GoPro (GPRO 1.56%) will be reporting fourth-quarter earnings after market close today, and management is making big promises. They expect significant top-line growth to offset weakness earlier in the year. But while GoPro may hit its full-year revenue targets thanks to strong holiday sales and the new Hero 8 camera, its top line isn't growing fast enough to make up for its eroding margins and lack of a competitive moat.
What went wrong at GoPro?
At first glance, GoPro's offerings look well-suited to today's culture. Vlogging -- video blogging -- is an important part of online life as and oversharing becomes ever more cool. So what could be better than a small, body-worn camera that records its wearer's every move from a first-person perspective?
It's simple: the smartphone.
Smartphones can do almost everything a GoPro does. And phone camera lenses are becoming more sophisticated, with video quality that rivals the best of GoPro's offerings. Apple's (AAPL 0.77%) iPhone 11, for example, features a 12-megapixel wide-angle lens capable of shooting 4K HD video and slow motion, all of which makes it comparable with the Hero 8's specs.
Smartphones also are arguably more interactive because they offer users a direct link to web apps, while GoPro cameras have to pair with another device. GoPro's management is working on this, offering smartphone users the GoPro app, which makes sharing content easier, as well as Quick, an application that makes editing easier.
But smartphone cameras still offer a more seamless way of sharing content -- especially through the most popular photography apps, including Snapchat (SNAP 1.68%) and Instagram, a subsidiary of Facebook (META 0.95%). Competition from smartphones provides constant pressure on GoPro's pricing power and margins, and so far, the company hasn't been able to differentiate itself enough to arrest this threat.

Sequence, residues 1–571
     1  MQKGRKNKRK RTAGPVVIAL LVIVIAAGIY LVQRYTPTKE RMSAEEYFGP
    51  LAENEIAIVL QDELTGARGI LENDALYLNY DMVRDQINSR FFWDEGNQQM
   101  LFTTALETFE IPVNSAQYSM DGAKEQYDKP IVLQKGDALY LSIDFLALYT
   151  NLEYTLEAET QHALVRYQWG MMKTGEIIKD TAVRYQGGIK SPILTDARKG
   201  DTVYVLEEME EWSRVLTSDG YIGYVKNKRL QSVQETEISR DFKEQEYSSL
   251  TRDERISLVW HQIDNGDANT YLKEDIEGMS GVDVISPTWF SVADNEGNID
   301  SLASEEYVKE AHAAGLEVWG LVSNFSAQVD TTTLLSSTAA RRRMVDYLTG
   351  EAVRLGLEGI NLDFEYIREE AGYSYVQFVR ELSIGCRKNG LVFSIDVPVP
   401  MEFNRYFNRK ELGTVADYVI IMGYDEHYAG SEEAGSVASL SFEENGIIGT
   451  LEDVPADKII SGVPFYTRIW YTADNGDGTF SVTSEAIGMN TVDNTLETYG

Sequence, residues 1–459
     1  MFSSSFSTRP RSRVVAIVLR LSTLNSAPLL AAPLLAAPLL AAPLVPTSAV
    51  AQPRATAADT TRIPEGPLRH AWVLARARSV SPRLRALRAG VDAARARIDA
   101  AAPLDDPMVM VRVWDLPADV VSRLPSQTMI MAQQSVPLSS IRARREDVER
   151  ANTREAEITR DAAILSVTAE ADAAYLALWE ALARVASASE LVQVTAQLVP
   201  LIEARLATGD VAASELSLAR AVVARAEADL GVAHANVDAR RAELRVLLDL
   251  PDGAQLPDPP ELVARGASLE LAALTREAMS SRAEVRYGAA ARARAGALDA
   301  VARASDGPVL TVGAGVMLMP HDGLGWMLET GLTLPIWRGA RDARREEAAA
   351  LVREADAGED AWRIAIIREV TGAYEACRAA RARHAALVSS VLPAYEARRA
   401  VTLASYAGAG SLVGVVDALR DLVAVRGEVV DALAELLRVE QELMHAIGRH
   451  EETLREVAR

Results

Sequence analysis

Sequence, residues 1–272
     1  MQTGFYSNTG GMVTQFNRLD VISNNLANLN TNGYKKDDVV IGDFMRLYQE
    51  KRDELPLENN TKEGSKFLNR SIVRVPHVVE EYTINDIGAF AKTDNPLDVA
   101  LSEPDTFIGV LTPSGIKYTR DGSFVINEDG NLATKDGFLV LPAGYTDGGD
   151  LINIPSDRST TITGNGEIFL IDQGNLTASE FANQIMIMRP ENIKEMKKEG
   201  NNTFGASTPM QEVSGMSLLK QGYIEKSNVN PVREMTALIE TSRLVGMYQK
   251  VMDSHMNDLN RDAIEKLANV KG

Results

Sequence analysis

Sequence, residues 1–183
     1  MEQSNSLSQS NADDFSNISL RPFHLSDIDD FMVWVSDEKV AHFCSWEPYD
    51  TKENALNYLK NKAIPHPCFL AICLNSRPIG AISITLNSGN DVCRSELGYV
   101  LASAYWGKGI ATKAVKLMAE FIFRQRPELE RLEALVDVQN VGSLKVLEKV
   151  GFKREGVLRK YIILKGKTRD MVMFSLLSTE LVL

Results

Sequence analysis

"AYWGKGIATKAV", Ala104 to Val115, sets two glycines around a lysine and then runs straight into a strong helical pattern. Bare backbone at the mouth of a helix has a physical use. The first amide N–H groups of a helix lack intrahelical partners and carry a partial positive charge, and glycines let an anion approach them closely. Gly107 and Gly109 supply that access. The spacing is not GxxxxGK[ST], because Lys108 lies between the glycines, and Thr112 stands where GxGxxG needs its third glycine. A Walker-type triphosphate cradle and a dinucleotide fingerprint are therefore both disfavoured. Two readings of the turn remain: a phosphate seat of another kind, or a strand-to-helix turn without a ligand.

Rival action cameras, such as the DJI Osmo, may also drag down GoPro's margins in the fourth quarter and onward. Both products offer similar specs and a similar price point. Because the two products are so much alike, GoPro may have to lower prices to compete.
GoPro's third quarter was a debacle. The company posted sales of $131 million, a 54% decline from the prior-year period's $286 million. Gross margins eroded to 22% from 32% year over year. This led to net losses expanding by a staggering 176%, to $75 million from $27 million.
Management attributed the low sales numbers to the delayed launch of two new cameras: the Hero 8 black and the GoPro MAX. These products were shifted from the third quarter to the fourth quarter.
Nonetheless, management is still guiding for 6% to 9% growth for full-year 2019. Today's earnings might show that they were able to pull it off, with the help of the Hero 8 launch and the crucial holiday season -- but even if they did, it will be a hollow victory. At an optimistic 9% annual growth rate, GoPro's full-year revenue for 2019 will stand at $1.25 billion, compared with $1.15 billion in 2018. This is still below the numbers from 2014 and 2015, which were $1.4 billion and $1.62 billion, respectively.
Despite its shortcomings, GoPro has an undeniable social cachet that's hard to put a price on. The name "GoPro" has become synonymous with action cameras in general -- much like "Kleenex" became the name for facial tissues. GoPro's social media presence is also massive, with a YouTube channel that grew by 83% year-over-year to record 178 million organic views in the third quarter of 2019.
That said, while GoPro may well have a place in modern video culture, investors should look elsewhere in the tech space. Given its stagnant revenue coupled with the potential for margin erosion, the company will have a hard time attaining profitability. It also lacks a competitive moat against its smartphone and action-camera rivals.